When relatives, friends, colleagues and dating couples experience declining quality in their relationships, they sometimes focus on a sense of boredom, failure, or depression, even anger. Exasperated remarks such as “He/she just doesn’t ‘get’ me” and vice versa express a lack of insight and/or frustration in one or both directions of the relationship. Tension builds because you remain interested in interacting with someone, perhaps becoming intimate with them, though their interest in you has decreased or simply not increased. You might even be feeling somewhat worthless due to the limited relationship. You might feel frustrated that you don’t know how to improve the situation. The solution to the stagnating or lessening relationship with each other seems to be some kind of cosmic secret. The irony of the problem is that the elusive nature of the answer is the key to improving things.
As your aggravation grows, your sense of self-worth might decline. Romantic relationships are known for the phenomenon. Think of yourself or someone else remarking “I just have to have… I need… Life is not worth living without… that person in my life.” Oddly enough, though, the way to improve the relationship is revealed by how the relationship went into neutral or reverse to begin with; Your sense of limitation, that your life only has meaning or pleasure if that other person is part of it, complicates an initially simple situation. It’s not realistic to stick the other person with the responsibility for making you happy. That’s your job.
Move past a sense of worthlessness by focusing on your passion, your sense of purpose in life. People who rise above their limitations tend to excite everyone around them, including themselves. The self-confidence which results from that can improve any relationship, even one with a limited shelf life. The person you long for as a romantic, business, or study partner will be more likely to spend time with you once you generate your own joy in being alive.
We can’t control how other people feel about us, even if we’re passionately in love with them. As you might know from past experience, messaging someone about why they’d be wise to spend time, work or study with you, even date or marry you, is the route to ending a relationship. Nagging fosters resentment, not affection. It signals desperation and the fact that the other person might have been wise to limit their time, or part ways, with you. The life lesson in that scenario is the need to demonstrate your worth to the people in your life, not harass them into believing it.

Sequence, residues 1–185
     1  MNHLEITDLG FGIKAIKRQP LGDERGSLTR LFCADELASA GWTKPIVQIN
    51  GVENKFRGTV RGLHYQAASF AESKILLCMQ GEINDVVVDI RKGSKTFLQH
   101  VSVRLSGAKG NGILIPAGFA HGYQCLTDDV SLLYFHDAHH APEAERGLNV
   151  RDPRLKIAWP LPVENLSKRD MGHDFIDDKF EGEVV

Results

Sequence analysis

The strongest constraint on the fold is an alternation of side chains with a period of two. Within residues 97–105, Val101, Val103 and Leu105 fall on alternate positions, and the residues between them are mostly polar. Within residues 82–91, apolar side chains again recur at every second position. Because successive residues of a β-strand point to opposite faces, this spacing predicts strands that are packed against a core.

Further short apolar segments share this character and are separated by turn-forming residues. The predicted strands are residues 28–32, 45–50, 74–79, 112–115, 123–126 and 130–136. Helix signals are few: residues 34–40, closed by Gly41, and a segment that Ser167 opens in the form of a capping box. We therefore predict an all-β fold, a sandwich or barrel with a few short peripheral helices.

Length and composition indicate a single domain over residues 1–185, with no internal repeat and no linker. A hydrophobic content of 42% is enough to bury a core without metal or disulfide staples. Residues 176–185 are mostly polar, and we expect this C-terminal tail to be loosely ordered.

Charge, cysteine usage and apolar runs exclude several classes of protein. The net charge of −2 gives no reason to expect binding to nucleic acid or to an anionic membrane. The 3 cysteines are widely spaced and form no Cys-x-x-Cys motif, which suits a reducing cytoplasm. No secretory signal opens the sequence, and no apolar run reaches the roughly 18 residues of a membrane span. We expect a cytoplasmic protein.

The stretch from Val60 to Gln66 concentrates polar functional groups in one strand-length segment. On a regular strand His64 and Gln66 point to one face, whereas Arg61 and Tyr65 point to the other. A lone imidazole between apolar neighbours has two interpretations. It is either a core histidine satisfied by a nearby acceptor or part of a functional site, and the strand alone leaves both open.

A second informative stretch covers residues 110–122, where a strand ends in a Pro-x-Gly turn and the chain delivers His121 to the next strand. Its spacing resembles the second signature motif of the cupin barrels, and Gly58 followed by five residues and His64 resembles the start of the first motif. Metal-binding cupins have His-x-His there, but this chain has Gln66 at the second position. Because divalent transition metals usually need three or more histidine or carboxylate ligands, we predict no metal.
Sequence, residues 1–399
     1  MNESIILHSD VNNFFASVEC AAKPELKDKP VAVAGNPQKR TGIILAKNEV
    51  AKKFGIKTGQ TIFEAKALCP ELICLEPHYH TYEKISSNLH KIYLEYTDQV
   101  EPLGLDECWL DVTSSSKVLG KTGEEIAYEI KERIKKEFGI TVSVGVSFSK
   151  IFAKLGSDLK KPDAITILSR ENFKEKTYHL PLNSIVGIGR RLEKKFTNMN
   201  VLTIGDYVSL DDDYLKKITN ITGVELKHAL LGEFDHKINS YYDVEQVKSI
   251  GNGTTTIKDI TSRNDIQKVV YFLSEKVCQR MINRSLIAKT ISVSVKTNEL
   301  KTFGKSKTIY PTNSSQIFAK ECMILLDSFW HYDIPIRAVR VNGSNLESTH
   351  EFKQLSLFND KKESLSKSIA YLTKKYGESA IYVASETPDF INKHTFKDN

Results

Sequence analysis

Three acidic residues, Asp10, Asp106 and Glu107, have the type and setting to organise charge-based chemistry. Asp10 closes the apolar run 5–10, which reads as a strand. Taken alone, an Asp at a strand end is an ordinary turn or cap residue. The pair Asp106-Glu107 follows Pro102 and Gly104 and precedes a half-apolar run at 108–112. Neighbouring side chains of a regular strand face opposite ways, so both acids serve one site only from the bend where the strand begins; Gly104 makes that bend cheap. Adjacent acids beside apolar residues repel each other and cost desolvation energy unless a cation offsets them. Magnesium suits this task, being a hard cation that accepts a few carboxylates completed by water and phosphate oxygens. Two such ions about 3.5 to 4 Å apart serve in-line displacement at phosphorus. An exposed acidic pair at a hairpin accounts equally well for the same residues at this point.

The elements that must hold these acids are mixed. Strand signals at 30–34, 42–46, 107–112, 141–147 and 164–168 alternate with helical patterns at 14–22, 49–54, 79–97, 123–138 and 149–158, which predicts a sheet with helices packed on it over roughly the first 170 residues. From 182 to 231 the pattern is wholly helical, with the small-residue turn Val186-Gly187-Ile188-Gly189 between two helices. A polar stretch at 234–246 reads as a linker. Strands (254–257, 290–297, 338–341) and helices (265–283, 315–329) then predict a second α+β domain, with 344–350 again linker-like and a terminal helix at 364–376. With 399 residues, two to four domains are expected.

As many mental health professionals remark, you need to listen to your gut, your heart, that whisper or roar in your soul. Do what gives you joy, a sense of meaning and a sense of purpose. Follow your passion. Being self-led is smart. Other people will realize that you direct your life and give it meaning, that you do not impose a “make me feel meaningful” obligation onto someone else.
Here’s a list of ideas to pursue when you want to improve a relationship of any sort:
- Appreciate the other person’s talents and skills. Focus on their finer traits.
- Compliment the other person on their strengths and insights.
- Give yourself and the other person the freedom to “be” the person they are.
- Keep it real. If negative thoughts disturb you, remember Byron Katie’s “4 Questions” so that you can turn around your mindset into positivity or at least into neutrality instead of negativity. You can learn more about her calming method for clarifying reality and alleviating self-imposed suffering at Byron Katie’s website.
- Remember: None of us control the future and we harm ourselves by focusing on the past. Stay in the present.
- Share time doing things that each of you enjoy.
- Spend time reflecting on what each of you finds important.
Mental health professionals have other tools for helping you to improve your relationships. Do it smart. Reach out to online or in-office practitioners who are ready to help with that.
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